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ATB vs. ITB, v2.0

The original ATB vs. ITB post, from November 2008, was due for a major updating, including lots of photos, so here it is.

Warning: before you read any further , please be advised that these are my definitions and opinions. Others, including but not limited to the U.S. Coast Guard, naval architects and some of my fellow mariners, may disagree. C’est la vie. In any case, I get asked this question often and what follows is my standard answer: “Within the rather broad category known as towing vessels there exists a sub-category known as ATB’s, which stands for Articulated Tug & Barge. There is another sub-category known as an ITB, or Integrated Tug & Barge. They are not, and never were, the same. Nor are either of them, with some limited exceptions, a real tug in anything but name.” This answer, I believe, is based on sound logic and reasoning, not regulatory doublespeak or wishful thinking.

Moving right along, this is an ITB…..

…..which, as you can plainly see…..

… no tug…..

…..not even a little bit, except for having propellers.

Even at their peak of popularity there were very few ITB’s in existence, so many of you might never have seen one. They bear no relation whatsoever to a real towing vessel. They were designed from the keel up as nothing more than regulation-beaters, capitalizing on the uninspected vessel-status of towing vessels to get away with lower manning, construction and operational-safety standards. They’re simply small to mid-sized tankers with detachable propulsion/control units that are rigidly connected and do not move independently. An ITB “tug” disconnected from its “barge” is a sight to behold: unstable in anything but the calm waters of a well-protected harbor, and having the ability to do absolutely nothing remotely tug-like besides moving about under its own power. Click here for more photos and some history.

An ATB, on the other hand, is a different story. There are two basic types of them, purpose-built (new) and converted, and they presently use one of six connection systems: Articouple, Bludworth-Cook, Hydraconn, Intercon, JAK and Westec. The generally-accepted slang term for them is pin boats, the reason for which should be obvious. When “pinned in” to their barges an ATB pivots on the transverse axis provided by said pins, allowing the “tug” to pitch independently from the barge, but they roll as one.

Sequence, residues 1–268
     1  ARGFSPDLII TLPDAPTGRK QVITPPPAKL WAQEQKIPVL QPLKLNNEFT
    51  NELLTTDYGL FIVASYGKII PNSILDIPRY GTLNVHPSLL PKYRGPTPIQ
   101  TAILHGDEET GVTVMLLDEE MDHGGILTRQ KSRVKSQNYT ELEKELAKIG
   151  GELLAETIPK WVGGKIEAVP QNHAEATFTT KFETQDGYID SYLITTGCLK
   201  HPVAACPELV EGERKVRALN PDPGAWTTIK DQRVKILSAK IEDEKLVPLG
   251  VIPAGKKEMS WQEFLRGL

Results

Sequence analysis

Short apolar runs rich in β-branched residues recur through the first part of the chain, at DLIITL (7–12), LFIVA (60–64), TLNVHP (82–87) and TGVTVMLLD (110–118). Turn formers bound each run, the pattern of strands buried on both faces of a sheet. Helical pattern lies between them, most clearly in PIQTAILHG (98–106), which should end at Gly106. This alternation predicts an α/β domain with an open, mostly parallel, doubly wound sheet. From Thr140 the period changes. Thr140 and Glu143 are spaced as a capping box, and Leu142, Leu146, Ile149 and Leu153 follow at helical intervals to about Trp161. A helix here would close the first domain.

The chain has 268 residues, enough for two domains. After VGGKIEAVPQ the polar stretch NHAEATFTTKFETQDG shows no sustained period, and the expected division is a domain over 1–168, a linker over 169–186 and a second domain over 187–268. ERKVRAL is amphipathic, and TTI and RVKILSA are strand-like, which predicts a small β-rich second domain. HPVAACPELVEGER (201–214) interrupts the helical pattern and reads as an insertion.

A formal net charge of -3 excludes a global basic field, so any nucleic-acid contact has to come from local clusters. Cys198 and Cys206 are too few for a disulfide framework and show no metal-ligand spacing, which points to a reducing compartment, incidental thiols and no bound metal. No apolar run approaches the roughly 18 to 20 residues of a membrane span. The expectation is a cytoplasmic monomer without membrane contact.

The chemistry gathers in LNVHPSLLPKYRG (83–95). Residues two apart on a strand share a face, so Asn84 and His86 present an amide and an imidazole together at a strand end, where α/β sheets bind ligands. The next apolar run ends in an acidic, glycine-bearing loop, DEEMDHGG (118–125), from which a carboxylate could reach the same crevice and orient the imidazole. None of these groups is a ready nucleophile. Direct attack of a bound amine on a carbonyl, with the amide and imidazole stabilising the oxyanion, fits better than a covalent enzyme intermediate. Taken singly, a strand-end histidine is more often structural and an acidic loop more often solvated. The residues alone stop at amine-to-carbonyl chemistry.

The purpose-built type are generally not very seaworthy when disconnected and outside of the notch in open or exposed waters, although some people might try to bullshit to the contrary, and even in protected waters they’re very limited in what they can do. For the most part, unless there’s another compatible barge around for them to move, they’re pretty much useless as a tug. The idea of getting out of the notch at sea, in anything but calm to near-calm wave/swell conditions, and taking the barge in tow the old-school way is sheer lunacy. Unless they’re pre-rigged to an emergency hawser and can just back out of the notch and roll around on the barge it isn’t going to happen. Furthermore, you wouldn’t want to be up in that high wheelhouse getting whipped around by the seas without the strong stabilizing influence of the barge. The probability of seriously injuring or even killing someone while attempting this maneuver would be unacceptably high. Suffice it to say that you just don’t ever get out of the notch on purpose unless you’re in port. Unintended/unexpected pin retractions at sea in bad weather have occurred on the West Coast and I understand that they were pretty ugly.

To illustrate the modern, purpose-built type, here’s Reinauer Transportation Co.’s ATB Meredith C. Reinauer…..

…..and the Vane Brothers ATB Brandywine…..

…..and Moran Towing Co.’s ATB Linda Moran.